reflects requirements of the Clean Air Act. Research complying with the committee’s portfolio, which was designed to inform both current and future decisions on standards and implementation, could not be fully sequenced with this near-term review. The divergent timetables of EPA’s immediate process and of the scientific research initiated after the committee’s first report reflect the exigencies of implementing a major research initiative and the challenges of scheduling the pace of scientific research, which inevitably has unanticipated hurdles. Typically, at least several years are needed to move from funding to publication of even the smallest study. Large toxicological and epidemiological studies of air pollution often provide published findings 5-10 years after funding is started.

The research agenda proposed by the committee is intended to have an impact on the PM NAAQS (including its four elements: the indicator, the averaging time, the statistical form, and the level), on the subsequent implementation of that NAAQS, and on future NAAQS reviews. This chapter describes the committee’s approach to evaluating research progress. Although the committee evaluates the research findings on PM on their contribution to the advancement of scientific knowledge without specific concern for EPA’s application, the committee is also mindful of the impact of the research agenda and the resulting research findings on the PM NAAQS, its implementation, and future reviews.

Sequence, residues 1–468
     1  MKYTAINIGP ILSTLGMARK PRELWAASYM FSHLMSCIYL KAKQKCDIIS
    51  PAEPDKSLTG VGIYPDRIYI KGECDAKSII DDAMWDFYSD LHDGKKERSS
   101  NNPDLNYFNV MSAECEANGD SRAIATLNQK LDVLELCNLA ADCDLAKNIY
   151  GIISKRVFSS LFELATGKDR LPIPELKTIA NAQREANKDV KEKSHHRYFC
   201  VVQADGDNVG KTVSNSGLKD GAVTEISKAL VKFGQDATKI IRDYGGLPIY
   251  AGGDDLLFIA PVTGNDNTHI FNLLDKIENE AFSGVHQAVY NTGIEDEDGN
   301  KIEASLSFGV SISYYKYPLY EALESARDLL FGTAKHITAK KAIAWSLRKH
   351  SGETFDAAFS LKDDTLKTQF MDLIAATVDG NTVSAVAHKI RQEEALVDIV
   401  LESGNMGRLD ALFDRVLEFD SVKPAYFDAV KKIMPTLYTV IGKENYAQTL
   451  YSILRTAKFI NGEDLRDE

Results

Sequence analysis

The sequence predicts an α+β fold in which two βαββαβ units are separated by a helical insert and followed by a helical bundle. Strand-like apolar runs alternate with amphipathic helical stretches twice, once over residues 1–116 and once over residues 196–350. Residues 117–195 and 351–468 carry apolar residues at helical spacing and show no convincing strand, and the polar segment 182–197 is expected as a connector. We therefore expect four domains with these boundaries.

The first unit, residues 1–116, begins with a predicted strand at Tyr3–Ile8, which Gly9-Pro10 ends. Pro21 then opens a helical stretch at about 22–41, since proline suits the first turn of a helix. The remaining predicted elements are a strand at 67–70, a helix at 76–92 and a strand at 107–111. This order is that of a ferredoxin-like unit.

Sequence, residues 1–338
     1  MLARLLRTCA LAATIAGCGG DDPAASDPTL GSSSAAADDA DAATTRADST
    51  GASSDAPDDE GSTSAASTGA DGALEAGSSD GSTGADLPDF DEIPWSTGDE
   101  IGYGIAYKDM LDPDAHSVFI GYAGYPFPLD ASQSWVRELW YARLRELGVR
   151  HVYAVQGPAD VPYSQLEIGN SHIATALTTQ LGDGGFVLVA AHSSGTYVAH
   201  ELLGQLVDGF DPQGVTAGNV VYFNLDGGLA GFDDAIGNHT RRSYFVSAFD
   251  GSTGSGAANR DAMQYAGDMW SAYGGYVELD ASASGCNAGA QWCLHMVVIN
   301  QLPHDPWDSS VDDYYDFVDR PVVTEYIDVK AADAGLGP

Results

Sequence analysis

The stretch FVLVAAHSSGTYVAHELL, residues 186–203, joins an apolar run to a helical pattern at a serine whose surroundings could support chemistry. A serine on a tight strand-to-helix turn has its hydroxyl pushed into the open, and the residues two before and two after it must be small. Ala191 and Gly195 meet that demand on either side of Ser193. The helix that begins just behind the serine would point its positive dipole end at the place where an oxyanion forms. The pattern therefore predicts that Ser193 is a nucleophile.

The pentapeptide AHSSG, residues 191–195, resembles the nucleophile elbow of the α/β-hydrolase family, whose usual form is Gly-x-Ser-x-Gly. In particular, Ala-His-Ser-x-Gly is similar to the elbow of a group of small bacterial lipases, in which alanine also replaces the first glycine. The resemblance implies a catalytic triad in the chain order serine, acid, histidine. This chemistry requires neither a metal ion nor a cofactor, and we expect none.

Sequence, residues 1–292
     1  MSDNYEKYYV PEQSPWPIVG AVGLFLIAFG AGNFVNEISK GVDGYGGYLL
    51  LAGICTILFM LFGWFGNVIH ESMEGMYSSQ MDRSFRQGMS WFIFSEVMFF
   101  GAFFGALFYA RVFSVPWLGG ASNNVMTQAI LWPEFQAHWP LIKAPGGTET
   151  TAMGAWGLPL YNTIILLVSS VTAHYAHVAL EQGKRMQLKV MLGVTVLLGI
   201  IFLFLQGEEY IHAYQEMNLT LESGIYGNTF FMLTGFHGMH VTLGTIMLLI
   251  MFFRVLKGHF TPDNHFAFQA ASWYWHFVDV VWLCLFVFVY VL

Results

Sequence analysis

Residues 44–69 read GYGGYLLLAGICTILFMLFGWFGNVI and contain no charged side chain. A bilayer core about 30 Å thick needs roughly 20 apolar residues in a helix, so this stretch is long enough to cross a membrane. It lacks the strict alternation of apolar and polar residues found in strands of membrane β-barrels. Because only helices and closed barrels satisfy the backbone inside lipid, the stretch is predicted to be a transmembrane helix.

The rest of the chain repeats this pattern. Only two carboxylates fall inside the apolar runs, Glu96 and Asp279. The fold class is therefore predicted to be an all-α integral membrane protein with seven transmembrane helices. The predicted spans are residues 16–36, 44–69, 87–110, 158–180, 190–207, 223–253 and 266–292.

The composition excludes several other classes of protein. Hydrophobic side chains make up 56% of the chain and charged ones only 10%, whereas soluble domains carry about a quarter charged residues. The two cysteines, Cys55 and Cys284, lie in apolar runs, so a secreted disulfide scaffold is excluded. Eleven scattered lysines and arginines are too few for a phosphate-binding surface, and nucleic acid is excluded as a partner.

BACKGROUND

A key step in the use of scientific evidence for policy formulation is gauging research progress resulting in reduction of uncertainty. Committees of the National Research Council (NRC) and the Institute of Medicine (IOM) are frequently asked to evaluate evidence and reach conclusions. Examples of such evaluations include the toxicity of environmental agents, the value of specific health-care practices, and approaches to disease prevention. The NRC does not give its committees a template or a rigid process for these evaluations, although some committees have had mandated approaches. Committees of EPA’s Science Advisory Board often carry out similar evaluations, as do a myriad of committees of other agencies. Often the work of these committees involves hazard identification, reaching a discrete decision as to the potential of a particular agent or exposure circumstance to produce an increase in certain adverse health effects. In some cases, the evaluation may extend to a quantitative evaluation of the exposure-dose-response relationship for the agent.



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